What do you think? Do you agree with Chekhov’s approach to writing and editing the beginning of a story, or do you think it’s too extreme? How do you write/rewrite the beginning of your stories?

8 thoughts on “In the beginning…(of a story)

  1. I usually find my beginning to be the most polished because I’ve revised it so many times before I move forward. The ending is the hardest part for me, to be able to wrap it all up in a neat little package. I do, however, understand the idea and agree with the thinking of tossing the first 1/3. Many times with novels we discover the beginning of the story really begins on page 40, not page 1. We just have to realize our beginnings are not written in stone and they are subject to change for the betterment of the story.

    • Ahh, how interesting! I guess my beginnings are usually the worst part for me, because I know I’m going to scrap them, so I write the whole story out and then go back and trash the beginning. But polishing it before moving forward is probably a pretty good idea too! I should be more patient with my writing…I find my endings are usually easy, but it’s getting to the endings that is tricky, wrapping it all up as you say. But normally the last few thousand words of any story I do write will happen in a single sitting, normally writing at an almost fevered pace.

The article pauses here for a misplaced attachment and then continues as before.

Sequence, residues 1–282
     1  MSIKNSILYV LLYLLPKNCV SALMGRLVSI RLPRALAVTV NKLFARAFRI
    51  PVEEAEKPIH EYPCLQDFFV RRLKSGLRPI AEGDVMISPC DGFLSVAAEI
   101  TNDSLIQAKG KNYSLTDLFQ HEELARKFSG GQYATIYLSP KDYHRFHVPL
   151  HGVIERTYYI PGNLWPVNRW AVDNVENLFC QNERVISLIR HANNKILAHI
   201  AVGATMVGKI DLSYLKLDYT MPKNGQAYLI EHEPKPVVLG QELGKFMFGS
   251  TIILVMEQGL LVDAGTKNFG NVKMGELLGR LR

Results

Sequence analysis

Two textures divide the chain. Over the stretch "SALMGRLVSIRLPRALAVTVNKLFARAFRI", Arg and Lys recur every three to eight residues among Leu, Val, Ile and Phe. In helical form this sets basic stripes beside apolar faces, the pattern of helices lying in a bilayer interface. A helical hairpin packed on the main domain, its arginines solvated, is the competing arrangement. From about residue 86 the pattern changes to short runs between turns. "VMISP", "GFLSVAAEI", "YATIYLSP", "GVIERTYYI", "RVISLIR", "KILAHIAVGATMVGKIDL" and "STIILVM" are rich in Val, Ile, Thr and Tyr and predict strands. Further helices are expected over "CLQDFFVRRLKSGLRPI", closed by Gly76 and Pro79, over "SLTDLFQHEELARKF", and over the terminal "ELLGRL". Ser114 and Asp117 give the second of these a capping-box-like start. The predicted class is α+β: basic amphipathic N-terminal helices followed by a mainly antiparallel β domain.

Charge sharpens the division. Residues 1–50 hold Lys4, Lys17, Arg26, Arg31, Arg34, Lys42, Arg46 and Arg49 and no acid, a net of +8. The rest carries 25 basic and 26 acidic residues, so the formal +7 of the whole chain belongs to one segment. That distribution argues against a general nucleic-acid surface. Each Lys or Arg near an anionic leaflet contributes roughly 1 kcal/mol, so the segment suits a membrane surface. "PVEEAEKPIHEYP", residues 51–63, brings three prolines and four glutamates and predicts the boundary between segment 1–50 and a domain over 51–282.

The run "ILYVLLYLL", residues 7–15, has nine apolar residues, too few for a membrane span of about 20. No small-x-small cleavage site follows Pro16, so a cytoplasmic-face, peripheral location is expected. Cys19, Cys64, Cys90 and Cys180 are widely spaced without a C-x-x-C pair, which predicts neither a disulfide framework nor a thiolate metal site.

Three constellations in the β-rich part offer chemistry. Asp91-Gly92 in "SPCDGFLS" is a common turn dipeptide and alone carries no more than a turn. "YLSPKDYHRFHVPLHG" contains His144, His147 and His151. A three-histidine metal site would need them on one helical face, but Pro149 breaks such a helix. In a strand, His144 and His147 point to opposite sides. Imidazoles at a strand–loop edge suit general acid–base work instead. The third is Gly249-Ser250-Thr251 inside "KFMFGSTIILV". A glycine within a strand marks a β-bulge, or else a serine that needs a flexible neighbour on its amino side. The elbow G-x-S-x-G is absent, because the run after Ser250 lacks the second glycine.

I agree with you, though – I think it can be easy to become attached to the beginning of a story, so as long as we know, as the writer, that it might change, that helps. 🙂

  2. Excellent post. I’ve developed a nasty habit of finally writing down the first part of a story, then submitting it to my online crit group for validation, and usually don’t receive much, and this is probably (at least part) of the reason why ><

    • Ahhh. It is always tricky when you show your writing to others I think. For me, I only show my writing when it’s the very first draft of a story…once I start editing it, it’s for my eyes only normally, because that’s when I guess I take more pride in it, and shape it into something much better. I mean one day I will show more edited writing, but for now I am still honing my skills in that area I suppose.